Though the board discussed reversing the policy on Thursday, it won't vote on the matter until early next year.
The policy allows groups to hand out Bibles and some atheist
pamphlets, and the Satanic Temple decided to start handing out its own
materials about Satanism to make sure that students are exposed to
Friday, November 28, 2014
The idea that alien abductions might actually relate to instances of patients regaining consciousness during medical operations was put forward by Columbia University psychoanalyst David V. Forrest in his 2008 book Alien Abduction: A Medical Hypothesis.
Abductees frequently recall being examined while lying on an operating table, something that could be connected to latent memories of a prior surgical procedure.
One of the best known alien abduction cases was that of Barney and Betty Hill who believed they had been taken aboard an extraterrestrial spacecraft after being abducted in 1961.
When it comes to stories of a supernatural persuasion the enigmatic region of Transylvania in Romania is most commonly associated with vampires, yet the Hoia Baciu forest situated outside the city of Cluj Napoca is perhaps even more notorious for its reputation as the world's most haunted forest.
For years this area of woodland has been home to so many tales of the unexplained that it has become unofficially known as the "Bermuda Triangle of Transylvania."
Thursday, November 27, 2014
1. Select a name. Our spirit guides are typically not souls known to us in this lifetime. In order to personalize the relationship with our "spiritual cheerleaders" it is helpful to think of this presence as an ally and companion. You would call any other friend by their name, so why not your spirit guide? You can select your spirit guide's name one of two ways: impulsively or contemplatively. If impulsively, go with the very first name that pops into your head -- regardless of gender (and remember that a great many names are suitable for use by both sexes). If contemplatively, you may wish to invest more time in sensing the spirit energy around you -- does it feel more masculine or feminine? Are you feeling pulled to a particular name from your past, an ancestor perhaps? Or maybe the first name of someone you'd like to honor that has passed on, such as a teacher or friend. Whatever you do, select only ONE name for your guide.
Mr. Oshima has built one of Japan’s most popular real-estate websites by compiling an online map showing properties with histories of ghastly events. In Japan, that is valuable information: Landlords often give a discount to renters willing to take property that has a stigma.
Take a cramped three-story apartment building in northern Tokyo that has had more than its share of unhappy news, including a drunken brawl in 2006 that took the life of a construction worker who was hit with a beer bottle.
Mr. Oshima gives that building three fire icons, one for each unnatural death that took place on its premises. “The fire icon is partly inspired by the Michelin stars,” he said. “This one would be a three-star property.”
His website meticulously maps out such properties, making it both a landlord’s nightmare and the go-to online address for bargain hunters and superstitious Japanese who prefer to stay away from past troubles. While religion doesn’t play a major role in the everyday life of most Japanese, much of the nation’s folklore is rooted in the Shinto, Buddhist and even Christian traditions.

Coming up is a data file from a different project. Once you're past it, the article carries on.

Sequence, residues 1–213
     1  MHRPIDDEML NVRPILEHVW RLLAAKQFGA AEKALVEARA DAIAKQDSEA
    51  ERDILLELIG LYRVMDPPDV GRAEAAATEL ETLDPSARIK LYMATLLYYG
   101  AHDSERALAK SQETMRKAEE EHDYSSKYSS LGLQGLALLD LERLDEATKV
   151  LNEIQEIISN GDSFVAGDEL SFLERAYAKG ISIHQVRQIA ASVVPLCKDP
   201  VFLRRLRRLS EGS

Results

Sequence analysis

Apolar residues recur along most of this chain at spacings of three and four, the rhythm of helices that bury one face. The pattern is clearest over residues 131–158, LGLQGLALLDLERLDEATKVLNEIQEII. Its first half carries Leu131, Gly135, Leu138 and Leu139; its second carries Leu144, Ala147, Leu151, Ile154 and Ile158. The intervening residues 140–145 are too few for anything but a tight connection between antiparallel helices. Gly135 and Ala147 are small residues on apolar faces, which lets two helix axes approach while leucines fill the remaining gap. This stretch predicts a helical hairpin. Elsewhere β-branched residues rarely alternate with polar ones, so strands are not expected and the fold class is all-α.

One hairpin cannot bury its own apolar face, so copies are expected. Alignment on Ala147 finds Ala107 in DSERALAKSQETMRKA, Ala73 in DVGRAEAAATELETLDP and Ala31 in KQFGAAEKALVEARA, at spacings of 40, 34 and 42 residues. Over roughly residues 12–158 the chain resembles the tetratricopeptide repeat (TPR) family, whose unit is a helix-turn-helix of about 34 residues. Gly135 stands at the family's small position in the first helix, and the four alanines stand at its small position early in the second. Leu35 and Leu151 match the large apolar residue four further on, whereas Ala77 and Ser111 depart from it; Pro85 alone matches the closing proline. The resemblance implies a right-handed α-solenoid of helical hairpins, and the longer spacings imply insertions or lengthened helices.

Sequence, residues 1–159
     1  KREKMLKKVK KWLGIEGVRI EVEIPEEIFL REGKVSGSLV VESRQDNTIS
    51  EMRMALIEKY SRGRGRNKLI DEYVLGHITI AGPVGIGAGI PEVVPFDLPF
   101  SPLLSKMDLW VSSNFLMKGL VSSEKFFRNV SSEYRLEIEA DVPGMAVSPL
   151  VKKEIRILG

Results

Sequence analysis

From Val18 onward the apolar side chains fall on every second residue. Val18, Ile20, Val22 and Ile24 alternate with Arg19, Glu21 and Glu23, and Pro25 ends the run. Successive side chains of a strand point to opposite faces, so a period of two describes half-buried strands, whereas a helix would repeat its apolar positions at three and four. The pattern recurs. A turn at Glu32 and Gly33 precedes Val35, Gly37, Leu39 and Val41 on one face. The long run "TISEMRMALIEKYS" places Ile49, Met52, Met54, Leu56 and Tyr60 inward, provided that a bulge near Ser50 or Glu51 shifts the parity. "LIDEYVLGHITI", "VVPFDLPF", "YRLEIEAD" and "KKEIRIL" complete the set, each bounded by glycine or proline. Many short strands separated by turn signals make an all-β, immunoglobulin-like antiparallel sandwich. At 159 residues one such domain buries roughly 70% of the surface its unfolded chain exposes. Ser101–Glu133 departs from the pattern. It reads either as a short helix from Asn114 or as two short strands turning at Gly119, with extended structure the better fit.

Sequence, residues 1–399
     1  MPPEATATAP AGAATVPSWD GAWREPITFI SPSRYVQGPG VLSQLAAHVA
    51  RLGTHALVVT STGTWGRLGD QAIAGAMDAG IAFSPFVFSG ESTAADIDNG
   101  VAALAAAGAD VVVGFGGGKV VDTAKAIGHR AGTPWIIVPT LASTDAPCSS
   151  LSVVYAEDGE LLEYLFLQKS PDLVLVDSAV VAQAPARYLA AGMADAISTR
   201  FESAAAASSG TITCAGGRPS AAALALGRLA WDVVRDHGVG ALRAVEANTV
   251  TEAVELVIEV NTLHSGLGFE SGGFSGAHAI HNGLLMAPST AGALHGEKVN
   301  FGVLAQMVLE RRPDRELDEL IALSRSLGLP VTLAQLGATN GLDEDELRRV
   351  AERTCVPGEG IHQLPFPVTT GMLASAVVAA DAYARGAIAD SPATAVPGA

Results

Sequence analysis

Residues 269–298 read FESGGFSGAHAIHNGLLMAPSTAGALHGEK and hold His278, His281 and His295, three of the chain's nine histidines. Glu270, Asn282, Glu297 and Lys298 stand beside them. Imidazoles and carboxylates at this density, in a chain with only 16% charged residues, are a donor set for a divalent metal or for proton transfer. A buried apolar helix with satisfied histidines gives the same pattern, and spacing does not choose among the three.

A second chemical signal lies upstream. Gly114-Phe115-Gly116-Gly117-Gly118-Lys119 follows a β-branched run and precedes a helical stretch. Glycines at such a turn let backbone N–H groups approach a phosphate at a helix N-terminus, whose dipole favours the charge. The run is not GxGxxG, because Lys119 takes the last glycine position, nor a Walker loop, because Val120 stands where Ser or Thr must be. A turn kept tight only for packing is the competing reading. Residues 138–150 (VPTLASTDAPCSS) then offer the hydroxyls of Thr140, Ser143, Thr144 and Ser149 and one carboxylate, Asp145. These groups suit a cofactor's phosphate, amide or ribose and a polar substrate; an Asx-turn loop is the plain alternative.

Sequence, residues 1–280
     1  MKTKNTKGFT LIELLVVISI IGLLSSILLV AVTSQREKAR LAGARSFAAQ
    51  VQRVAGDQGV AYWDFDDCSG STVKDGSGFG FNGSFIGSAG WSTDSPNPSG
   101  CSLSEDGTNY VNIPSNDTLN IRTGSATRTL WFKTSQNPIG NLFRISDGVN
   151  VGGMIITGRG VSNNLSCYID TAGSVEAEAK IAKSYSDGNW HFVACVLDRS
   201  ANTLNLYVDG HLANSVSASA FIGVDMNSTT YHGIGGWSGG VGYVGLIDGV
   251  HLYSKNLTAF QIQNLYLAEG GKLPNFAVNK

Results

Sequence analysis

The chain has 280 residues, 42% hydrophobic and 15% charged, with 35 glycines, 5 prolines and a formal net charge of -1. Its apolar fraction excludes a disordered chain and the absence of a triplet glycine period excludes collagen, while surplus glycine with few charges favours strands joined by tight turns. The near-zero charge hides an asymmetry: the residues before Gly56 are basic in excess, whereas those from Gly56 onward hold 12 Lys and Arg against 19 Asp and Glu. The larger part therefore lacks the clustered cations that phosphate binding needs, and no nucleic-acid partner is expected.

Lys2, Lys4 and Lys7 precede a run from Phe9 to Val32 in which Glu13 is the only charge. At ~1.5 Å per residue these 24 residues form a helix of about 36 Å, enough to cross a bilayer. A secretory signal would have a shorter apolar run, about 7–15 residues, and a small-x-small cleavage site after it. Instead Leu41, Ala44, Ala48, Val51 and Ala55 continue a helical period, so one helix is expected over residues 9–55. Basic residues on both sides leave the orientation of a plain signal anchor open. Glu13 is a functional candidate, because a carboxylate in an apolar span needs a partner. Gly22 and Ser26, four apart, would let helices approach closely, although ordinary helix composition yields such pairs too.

Fears about the dead are very much alive.
Once a booming, goldmining hotspot with a population of over 50,000, Tonopah now houses just around 2,500 people, most of whom work for the local military test range. As the town numbers dwindled, Tonopah became less of a must-stop and more of a pit-stop, a place travelers would find themselves in the middle of the night, not wanting to drive another 70 miles to the nearest town. Imagine, if you will, being that weary traveler, rolling into town at midnight to discover that the only vacancy in town is within the confines of the Clown Motel. Dear God.
Not only is the lobby filled with hundreds of menacing clowns, but each and every room is clown themed as well. On each of the walls are hung portraits of famous clowns, from Bozo to Pagliacci, their soulless eyes intent on watching your every move from their faux-gold frames.
Wednesday, November 26, 2014
While you're busy going to school or getting drunk, he's out there fighting Satan and saving people from a life of demonic possession.
Though Denmark is officially a Christian country, there has been a massive decrease in true God-fearing believers as of late.
This has—at least according to Lars—put Denmark on Satan's top friends list.
Being curious, we sought him out for a chat and he invited us to his apartment in one of Copenhagen's older neighborhoods, Bredgade. The apartment's Gothic architectural style seemed very apt given our topic of conversation. Once up the winding staircase, he sat us in his living room on a low leather couch completely surrounded by religious paraphernalia. He poured us a cup of coffee and we had a little talk about his profession and how he saves folks from a life of fiddling themselves with a crucifix.
The body of Bethany Deaton was found Oct. 30, 2012, in the back seat of her minivan with the doors locked and a note inside.